By: Sheena Lyonnais and TJ Liebgott
June 22, 2010
NXNE is like Christmas to Toronto Music Scene. We look forward to it every year. Sometimes we peek, knowing in advance what presents we’re getting. Other times we like to be surprised, so we refrain from checking beneath the beds of our parents so we can be moved in unexpected ways. This year we’re bragging to our friends about performances by Mudhoney, the Warped 45’s and Moneen, while simultaneously wondering why our Aunt Lisa bought us an unglamorous copy of Wavves and the wrong version of the Reason. Click to read our full list of festival highlights and lowlights, like a sexy, well-dyed blonde.
Although not technically part of the NXNE festivities, we had to catch these guys when we could out of fear of missing them during the festival. The Dublin band creates beautiful, enigmatic music that is soft and dreamy. Gary McFarlane’s understated and seductively husky vocals compliment the haunting rhythms and melodies the band creates. It’s very rare we listen to a band for the first time and spontaneously go see them that very night. Definitely a band you must see.
DJ E-Clair @ Hyde Lounge, June 12
Bedouin Soundclash bassist Eon Sinclair made his DJ debut at Hyde Lounge and I was fortunate enough to attend. Although also not part of NXNE, DJ E-Clair’s spinning is worth mentioning. He mixed a variety of reggae and rock songs, setting him apart from the plethora of other musician DJ’s this city is pounding out these days. It was nice to dance to something different and respected, and the ambient vibe of the Hyde Lounge definitely added a lush element. I look forward to seeing him develop as a DJ and would definitely check out his spinning again.
Mudhoney @ Dundas Square, June 17
A wave of 90’s nostalgia took over Yonge and Dundas square as grunge rockers Mudhoney took the stage. As opposed to just playing classics from such albums as Piece of Cake and Every Good Boy Deserves Fudge, Mudhoney instead played the songs they wanted to play pulled from their 20-year catalog. While I waited the entire 40 minute set to hear "Make It Now," a song so great the band recorded it on two separate albums, I knew not to hold my breath since I have never heard them play it live. Instead fans where delighted by such classics as "Touch Me I’m Sick," "Suck You Dry" and some songs of their most recent release The Lucky Ones. While grunge may have died decades ago, Mudhoney’s set proved that they are nowhere near burning out, or fading away.
Zeus @ Rivoli, June 17
The Rivoli was packed to capacity for Arts & Crafts’ latest find Zeus, an energetic indie pop band with a very unique style. They were less peppy than expected live, but still delivered a sweaty set full of vintage-sounding guitars and sharp vocals. This band got their start as “Dark Horse,” where they performed together for numerous years as Jason Collett’s backing band. They take notes from him in terms of intrigue and honesty, but manage to incorporate their own organic charm into the mix. Welcome to the family!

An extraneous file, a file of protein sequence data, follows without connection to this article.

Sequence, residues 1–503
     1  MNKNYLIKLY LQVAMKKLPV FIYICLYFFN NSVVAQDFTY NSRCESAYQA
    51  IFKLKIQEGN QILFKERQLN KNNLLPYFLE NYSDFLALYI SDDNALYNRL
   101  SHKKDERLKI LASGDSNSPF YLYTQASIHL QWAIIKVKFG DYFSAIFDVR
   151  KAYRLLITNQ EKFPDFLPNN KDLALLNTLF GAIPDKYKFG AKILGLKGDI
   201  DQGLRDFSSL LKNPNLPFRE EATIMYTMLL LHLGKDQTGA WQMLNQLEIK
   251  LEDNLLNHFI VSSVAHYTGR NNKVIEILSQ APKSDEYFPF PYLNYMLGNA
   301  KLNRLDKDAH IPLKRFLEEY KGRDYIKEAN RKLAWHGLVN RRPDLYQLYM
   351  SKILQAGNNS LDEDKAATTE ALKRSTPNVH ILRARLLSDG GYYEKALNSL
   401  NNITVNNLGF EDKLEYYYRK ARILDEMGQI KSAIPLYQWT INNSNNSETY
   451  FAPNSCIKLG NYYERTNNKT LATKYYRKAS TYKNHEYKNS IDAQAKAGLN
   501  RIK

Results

The Warped 45’s @ El Mocambo, June 17
The Warped 45’s were on our "must see" list this festival not only because here at Toronto Music Scene we have developed in unmatched love for alt-country, but also because they’re just THAT good. Their sound can be described as cottage country indie, with its rolling vocals, transient guitars and penchant for solid rock. A mix between the Weakerthans, the Wooden Sky and the Tragically Hip, the Warped 45’s make us want to make out in a small town bar and appreciate the smaller things, like blossoming flowers, long drives and young love. The music they create is so beautiful, layered with soft banjo and inter-spliced with an elegant, shadowed poetry. They played songs like "(Bring On That) New Depression" to the delight of both indie rockers and overalls-sporting middle-aged men alike.
We Are The Take @ Supermarket, June 17
We Are The Take remain one of our favourite Toronto bands. They’ve become known for tracks like "Montreal Love Song," swimming songs that seduce you with melancholic keys, solemn vocals and aching guitars. Their ability to switch from the romance of that song to the buoyancy of their newer material spotlights their ability to adjust and develop without compromising musical integrity. That said, we wish they would do something to stand out more. Sometimes we forget about them until festivals like NXNE, which is a shame because they are extremely talented and a joy to watch.
Corduroy @ Rancho Relaxo, June 17
It may have taken almost two years, but Toronto Music Scene was finally able to see Corduroy live! We are pleased to report this is indie rock done right. With booming, heavy drums, catchy vocals and an uninhibited energy, Corduroy have managed to establish themselves as a true competitor in this over-saturated scene. This band understands the importance of telling stories, embracing instrumental moments to get their points across while other times folding into turmoil-inflicted vocals with bleeding hearts. Their newer material highlights both their development and their curiosity to try new things, adding in backing vocals from the lovely Jaclyn Blumas, while front man Trevor Blumas interjects moments of hostility, passion and pleasure. They are such a fun band to watch live. Our only regret is not catching them sooner.
The Flatliners @ London Tap House, June 18